But there is an even deeper problem with this film, one that is shared by virtually every Comic Book movie, every action thriller, every science fiction flick, many animated features, many comedies, and quite a few ordinary dramas.

We’ll let Aristotle explain, since he anticipated the problem in the very first and still greatest treatise on drama, back in 335 B.C.  In his Poetics, he lists the six elements of a play.  My emphasis, from The Internet Classics Archive | Poetics by Aristotle:

The plot, then, is the first principle, and, as it were, the soul of a tragedy; Character holds the second place. A similar fact is seen in painting. The most beautiful colors, laid on confusedly, will not give as much pleasure as the chalk outline of a portrait. Thus Tragedy is the imitation of an action, and of the agents mainly with a view to the action.

Third in order is Thought- that is, the faculty of saying what is possible and pertinent in given circumstances. In the case of oratory, this is the function of the political art and of the art of rhetoric: and so indeed the older poets make their characters speak the language of civic life; the poets of our time, the language of the rhetoricians. Character is that which reveals moral purpose, showing what kind of things a man chooses or avoids. Speeches, therefore, which do not make this manifest, or in which the speaker does not choose or avoid anything whatever, are not expressive of character. Thought, on the other hand, is found where something is proved to be or not to be, or a general maxim is enunciated.

Fourth among the elements enumerated comes Diction; by which I mean, as has been already said, the expression of the meaning in words; and its essence is the same both in verse and prose.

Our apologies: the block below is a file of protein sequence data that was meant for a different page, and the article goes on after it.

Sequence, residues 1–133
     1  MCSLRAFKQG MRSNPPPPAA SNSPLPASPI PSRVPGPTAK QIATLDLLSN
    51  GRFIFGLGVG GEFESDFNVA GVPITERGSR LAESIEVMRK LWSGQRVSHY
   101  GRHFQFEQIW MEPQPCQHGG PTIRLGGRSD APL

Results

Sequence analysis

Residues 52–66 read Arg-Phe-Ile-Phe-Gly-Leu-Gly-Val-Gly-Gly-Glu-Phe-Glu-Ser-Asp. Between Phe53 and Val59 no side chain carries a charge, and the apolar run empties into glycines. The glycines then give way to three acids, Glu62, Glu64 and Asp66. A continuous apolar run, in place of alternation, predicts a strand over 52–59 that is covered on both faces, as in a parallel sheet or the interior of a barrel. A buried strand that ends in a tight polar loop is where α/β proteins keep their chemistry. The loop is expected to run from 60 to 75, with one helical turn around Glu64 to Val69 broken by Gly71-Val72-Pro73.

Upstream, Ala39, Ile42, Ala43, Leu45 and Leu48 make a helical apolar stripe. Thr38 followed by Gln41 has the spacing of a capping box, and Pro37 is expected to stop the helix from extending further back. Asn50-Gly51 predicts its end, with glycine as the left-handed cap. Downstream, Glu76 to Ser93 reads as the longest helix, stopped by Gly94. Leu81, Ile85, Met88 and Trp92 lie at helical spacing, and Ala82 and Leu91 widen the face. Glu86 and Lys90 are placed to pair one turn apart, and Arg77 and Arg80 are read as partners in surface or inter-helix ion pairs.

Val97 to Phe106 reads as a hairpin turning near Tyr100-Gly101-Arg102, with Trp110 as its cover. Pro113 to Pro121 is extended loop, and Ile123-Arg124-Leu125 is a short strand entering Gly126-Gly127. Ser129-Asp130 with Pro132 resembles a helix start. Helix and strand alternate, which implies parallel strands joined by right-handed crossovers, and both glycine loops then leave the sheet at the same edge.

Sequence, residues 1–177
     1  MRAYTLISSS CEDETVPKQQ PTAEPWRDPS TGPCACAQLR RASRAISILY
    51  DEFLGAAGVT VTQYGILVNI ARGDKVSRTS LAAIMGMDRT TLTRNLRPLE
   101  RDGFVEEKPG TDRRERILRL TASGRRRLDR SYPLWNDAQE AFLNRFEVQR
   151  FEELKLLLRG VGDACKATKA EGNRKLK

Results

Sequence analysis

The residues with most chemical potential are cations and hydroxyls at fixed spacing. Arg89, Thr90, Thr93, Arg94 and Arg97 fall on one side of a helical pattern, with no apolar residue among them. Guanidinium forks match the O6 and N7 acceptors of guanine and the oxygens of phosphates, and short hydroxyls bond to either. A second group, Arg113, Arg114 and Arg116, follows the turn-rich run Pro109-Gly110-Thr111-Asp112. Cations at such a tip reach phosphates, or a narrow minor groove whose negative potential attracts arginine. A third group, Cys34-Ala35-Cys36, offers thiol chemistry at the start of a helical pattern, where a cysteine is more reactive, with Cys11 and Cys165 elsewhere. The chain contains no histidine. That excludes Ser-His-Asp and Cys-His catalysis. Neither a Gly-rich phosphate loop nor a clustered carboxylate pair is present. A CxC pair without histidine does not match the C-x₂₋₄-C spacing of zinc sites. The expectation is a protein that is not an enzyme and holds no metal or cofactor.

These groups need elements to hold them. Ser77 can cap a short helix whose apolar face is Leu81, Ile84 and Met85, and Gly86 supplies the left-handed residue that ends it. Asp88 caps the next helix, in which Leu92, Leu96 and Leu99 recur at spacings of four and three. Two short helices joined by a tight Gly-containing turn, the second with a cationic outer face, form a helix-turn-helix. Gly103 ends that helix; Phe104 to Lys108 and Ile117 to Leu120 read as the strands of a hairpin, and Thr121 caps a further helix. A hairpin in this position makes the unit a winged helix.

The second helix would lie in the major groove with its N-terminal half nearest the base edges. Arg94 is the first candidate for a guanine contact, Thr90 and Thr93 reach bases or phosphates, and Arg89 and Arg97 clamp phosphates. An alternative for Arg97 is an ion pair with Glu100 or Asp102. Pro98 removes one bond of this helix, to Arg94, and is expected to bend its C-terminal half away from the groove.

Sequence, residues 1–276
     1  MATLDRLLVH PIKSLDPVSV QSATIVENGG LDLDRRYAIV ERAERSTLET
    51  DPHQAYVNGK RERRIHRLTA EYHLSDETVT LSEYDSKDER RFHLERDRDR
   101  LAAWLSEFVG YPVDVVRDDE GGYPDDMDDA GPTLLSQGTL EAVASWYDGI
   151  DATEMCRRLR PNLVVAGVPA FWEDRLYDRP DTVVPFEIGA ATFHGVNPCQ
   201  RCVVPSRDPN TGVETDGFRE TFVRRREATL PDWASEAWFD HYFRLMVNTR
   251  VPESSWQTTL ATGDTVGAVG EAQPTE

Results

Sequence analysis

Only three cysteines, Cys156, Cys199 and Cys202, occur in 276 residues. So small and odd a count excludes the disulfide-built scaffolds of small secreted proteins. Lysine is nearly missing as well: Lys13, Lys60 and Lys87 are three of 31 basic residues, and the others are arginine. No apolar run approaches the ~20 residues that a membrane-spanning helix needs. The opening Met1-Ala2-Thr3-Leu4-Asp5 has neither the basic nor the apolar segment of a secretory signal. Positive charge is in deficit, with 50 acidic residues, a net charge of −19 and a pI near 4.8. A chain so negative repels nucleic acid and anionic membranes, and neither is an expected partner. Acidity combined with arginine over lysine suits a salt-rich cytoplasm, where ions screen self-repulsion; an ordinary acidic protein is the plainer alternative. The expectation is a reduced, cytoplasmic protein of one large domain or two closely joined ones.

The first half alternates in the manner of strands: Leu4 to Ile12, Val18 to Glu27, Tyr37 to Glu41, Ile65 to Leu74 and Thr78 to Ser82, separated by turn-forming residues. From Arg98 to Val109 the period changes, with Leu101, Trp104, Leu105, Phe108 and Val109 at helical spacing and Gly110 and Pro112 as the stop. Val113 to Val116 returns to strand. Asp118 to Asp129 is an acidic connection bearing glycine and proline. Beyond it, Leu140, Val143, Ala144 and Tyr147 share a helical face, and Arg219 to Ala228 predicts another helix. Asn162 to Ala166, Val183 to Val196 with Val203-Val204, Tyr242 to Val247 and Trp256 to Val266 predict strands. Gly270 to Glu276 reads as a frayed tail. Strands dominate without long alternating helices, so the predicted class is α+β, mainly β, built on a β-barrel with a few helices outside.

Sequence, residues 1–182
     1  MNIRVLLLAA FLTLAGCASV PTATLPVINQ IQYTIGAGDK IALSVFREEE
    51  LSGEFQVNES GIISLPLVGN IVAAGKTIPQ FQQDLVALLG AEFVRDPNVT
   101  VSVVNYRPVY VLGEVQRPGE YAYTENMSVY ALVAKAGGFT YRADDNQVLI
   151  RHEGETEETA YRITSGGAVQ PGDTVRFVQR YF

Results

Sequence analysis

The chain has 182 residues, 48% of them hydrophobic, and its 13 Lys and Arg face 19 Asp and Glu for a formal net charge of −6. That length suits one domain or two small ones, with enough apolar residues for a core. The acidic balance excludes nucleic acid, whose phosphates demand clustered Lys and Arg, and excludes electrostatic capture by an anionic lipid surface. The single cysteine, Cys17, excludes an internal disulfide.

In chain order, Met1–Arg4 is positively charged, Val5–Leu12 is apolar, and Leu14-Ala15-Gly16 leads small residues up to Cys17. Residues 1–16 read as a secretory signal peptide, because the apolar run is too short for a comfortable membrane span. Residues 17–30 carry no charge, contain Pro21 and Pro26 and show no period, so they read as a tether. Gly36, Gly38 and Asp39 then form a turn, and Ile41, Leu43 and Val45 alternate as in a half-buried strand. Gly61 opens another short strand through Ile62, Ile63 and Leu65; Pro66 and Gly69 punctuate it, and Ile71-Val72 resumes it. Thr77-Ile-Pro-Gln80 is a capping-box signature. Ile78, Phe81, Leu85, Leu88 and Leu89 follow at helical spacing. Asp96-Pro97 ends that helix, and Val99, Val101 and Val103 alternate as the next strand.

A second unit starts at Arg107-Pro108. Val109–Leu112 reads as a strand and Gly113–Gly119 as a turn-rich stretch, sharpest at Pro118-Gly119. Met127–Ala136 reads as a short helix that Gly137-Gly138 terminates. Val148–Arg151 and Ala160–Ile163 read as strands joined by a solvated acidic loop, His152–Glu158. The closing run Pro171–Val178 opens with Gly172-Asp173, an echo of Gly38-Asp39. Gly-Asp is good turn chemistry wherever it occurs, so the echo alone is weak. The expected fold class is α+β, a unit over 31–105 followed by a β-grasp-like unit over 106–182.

Of the remaining elements Song holds the chief place among the embellishments.The Spectacle has, indeed, an emotional attraction of its own, but, of all the parts, it is the least artistic, and connected least with the art of poetry. For the power of Tragedy, we may be sure, is felt even apart from representation and actors. Besides, the production of spectacular effects depends more on the art of the stage machinist than on that of the poet.

“Spectacle” for Aristotle refers to the costumes, backdrops, the machines that let down gods, bloody daggers and other props.  These were not as sophisticated in 335 B.C. as they are today, but his point remains:  With a good story and good characters, the stage effects don’t make that much difference either way.  (Notice how a Shakespeare play tends to retain its power whether it’s in period costumes, modern dress, or a bare-bones stage.)  And all of that stuff is the work of technicians, not the creative authors.

Today’s technology has given us, as we say, spectacular special effects. But now so many of today’s movies consist largely of explosions, chases, fights, an computer-animated effects.  They often take up more time in a movie, or seem to, than plot or character development.

Now when we first saw the kind of special effects that today’s movie-making technology can do, we were very impressed.  Actually, for many of us, the first showcase was the first Star Wars trilogy.  But now we have become jaded.  So much “spectacle” has become tedious.  For me, at least.  (How about you?)

Nothing against special effects technicians.  Indeed, contrary to Aristotle, I consider themselves artists in their own right.  But the best movies, like the best ancient Greek tragedies, are going to have all six of the dramatic elements working together.

Filmmakers could learn much from Aristotle.  I was struck at his comment on the importance of music, which “holds the chief place among the embellishments.”  Indeed, we often pay little attention to the soundtrack, which goes on subliminally, but it can add much to a film.  And Aristotle gives many practical pointers on how to create a complex character, working with the audience’s sympathies, and creating “cathartic” endings.